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What is the correct possessive for nouns ending in s?

"Please submit your and your parent(s)' federal tax returns." Is the possessive of "parent(s)'" correctly formatted in that sentence? I know the apostrophe comes before the "s" for just parent singular, and it would come after the "s" for parents plural, but what if I don't know if it is one or two parents, and therefore want to use the (s)?

marked as duplicate by FumbleFingers, Matt E. Эллен, Mitch, MrHen, kiamlaluno Dec 24 '11 at 18:41

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    How about: "Please submit your and your parents' (or parent's) federal tax returns." – Casey Chu Dec 19 '11 at 18:42
  • @Casey: Your bracketed case (parent's) would only be correct in the unlikely event that the writer knew he was addressing someone with only one parent submitting tax returns, but didn't wish to elaborate with your mother's or your father's. – FumbleFingers Dec 19 '11 at 18:57
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    @FumbleFingers: It's not a duplicate of that question at all. That question is about the plural of, say, "parents". This is about the plural of "parent(s)", which stands for two words "parent" and "parents". In fact, Derek shows in the second sentence that he already knows the answer to that question. – ShreevatsaR Dec 21 '11 at 2:51
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    @ShreevatsaR: Well, I had to pick a reason, is all. Let's face it - parent(s) is not a word by any definition, so it's pointless considering grammatically-correct inflections to it. I don't like the question. – FumbleFingers Dec 21 '11 at 3:31
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    @ShreevatsaR: OP's question title makes it clear he wants a "grammatically-defensible" possessive form for the "non-word" parent(s). Neither answer so far even attempts to address that, IMHO because it's meaningless. You're just muddying the waters by implying that perhaps it is a "word". Maybe I should have specified "not constructive" or some other reason, but what difference would that make? You still seem to think it's a valid question for ELU, and I don't. – FumbleFingers Dec 21 '11 at 15:14

I take it based on the content of the sentence you are not so worried about technical grammar, and more concerned about unambiguous communication. I think if you leave it the way you have it, the intent can only be interpreted correctly. That having been said, it is obviously not precisely right because omission of the (s) doesn't leave a grammatical remainder. If you want to be right without question (though a little stilted) use some thing like: "Please submit the federal tax returns of yourself and your parent(s)." or "...your tax return and that of your parent(s)." In the second last example, replacing 'of' with 'for' sounds a little better but is slightly less precise semantically.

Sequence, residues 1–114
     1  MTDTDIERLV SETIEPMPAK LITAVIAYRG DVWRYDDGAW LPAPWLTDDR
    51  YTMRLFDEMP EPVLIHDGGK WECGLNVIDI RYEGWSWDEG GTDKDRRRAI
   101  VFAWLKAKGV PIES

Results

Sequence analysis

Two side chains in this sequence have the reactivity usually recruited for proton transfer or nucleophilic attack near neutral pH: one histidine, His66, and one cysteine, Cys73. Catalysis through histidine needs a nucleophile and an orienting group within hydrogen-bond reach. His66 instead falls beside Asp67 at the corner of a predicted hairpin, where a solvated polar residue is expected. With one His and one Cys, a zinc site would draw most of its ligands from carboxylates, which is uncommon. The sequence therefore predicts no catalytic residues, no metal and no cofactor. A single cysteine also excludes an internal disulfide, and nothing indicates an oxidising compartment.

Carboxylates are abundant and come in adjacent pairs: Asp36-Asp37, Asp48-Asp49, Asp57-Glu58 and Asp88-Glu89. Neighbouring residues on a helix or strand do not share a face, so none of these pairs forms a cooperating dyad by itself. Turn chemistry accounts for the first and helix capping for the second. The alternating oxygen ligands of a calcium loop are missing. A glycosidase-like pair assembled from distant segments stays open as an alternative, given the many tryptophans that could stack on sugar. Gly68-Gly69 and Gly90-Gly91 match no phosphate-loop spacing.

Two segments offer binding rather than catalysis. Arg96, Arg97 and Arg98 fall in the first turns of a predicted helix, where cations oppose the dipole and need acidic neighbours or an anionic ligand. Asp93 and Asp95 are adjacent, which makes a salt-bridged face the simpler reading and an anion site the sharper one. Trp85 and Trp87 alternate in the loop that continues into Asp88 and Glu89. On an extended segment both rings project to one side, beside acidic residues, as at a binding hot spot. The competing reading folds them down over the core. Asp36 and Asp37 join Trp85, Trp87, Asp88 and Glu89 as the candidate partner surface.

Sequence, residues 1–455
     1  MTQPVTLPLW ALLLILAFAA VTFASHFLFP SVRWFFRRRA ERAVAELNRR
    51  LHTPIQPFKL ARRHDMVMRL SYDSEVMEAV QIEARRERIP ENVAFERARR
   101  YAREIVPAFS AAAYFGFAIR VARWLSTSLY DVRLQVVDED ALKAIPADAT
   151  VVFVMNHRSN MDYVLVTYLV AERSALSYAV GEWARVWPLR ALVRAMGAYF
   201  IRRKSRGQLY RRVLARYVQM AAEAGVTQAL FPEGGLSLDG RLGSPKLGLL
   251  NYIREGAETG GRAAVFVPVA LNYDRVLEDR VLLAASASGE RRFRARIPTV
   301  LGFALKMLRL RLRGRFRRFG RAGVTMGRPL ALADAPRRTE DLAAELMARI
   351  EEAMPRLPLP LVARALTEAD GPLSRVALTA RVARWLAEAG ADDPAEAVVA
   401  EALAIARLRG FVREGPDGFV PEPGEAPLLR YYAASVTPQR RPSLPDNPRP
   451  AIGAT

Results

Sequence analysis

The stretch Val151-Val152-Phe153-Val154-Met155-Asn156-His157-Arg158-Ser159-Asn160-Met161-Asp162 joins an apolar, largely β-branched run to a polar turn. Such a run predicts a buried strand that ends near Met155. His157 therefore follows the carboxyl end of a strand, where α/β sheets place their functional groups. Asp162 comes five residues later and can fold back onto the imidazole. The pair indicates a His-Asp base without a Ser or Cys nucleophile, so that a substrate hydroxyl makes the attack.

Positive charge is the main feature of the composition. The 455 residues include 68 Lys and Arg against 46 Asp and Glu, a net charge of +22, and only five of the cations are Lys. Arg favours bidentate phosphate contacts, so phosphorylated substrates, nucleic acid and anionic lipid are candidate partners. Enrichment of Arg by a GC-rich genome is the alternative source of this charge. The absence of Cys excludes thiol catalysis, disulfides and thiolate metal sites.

• The last example fails if there are parents filing separately. – Ben Voigt Dec 19 '11 at 22:23
  • Yeah, yeah. You could use "...and those of your parent(s)", which is confusing for the common case, but is technically right because "those" would be interpreted as "all those" whether there are two or only one. – ThePopMachine Dec 23 '11 at 7:17
  • Outside of writers' groups which wish to homogenize their styles, the purpose of "grammatical rules" is to help people determine which methods of expression are likely to be understood correctly. Writing which most readers will correctly comprehend at a glance is generally to be preferred, even if it "breaks the rules", to writing which readers would have to struggle to decipher. – supercat Oct 23 '12 at 5:59


Please submit your individual and parental federal tax returns.
  • This is not a natural expression. You are trying to circumlocute the original issue using an adjective. Fine in principle, but "parental" is not equivalent to "belonging to your parent(s)". If tax law required submission of a tax return for an individual, plus another one in one's capacity as a parent, that's what a "parental tax return" would be. – ThePopMachine Dec 23 '11 at 7:21

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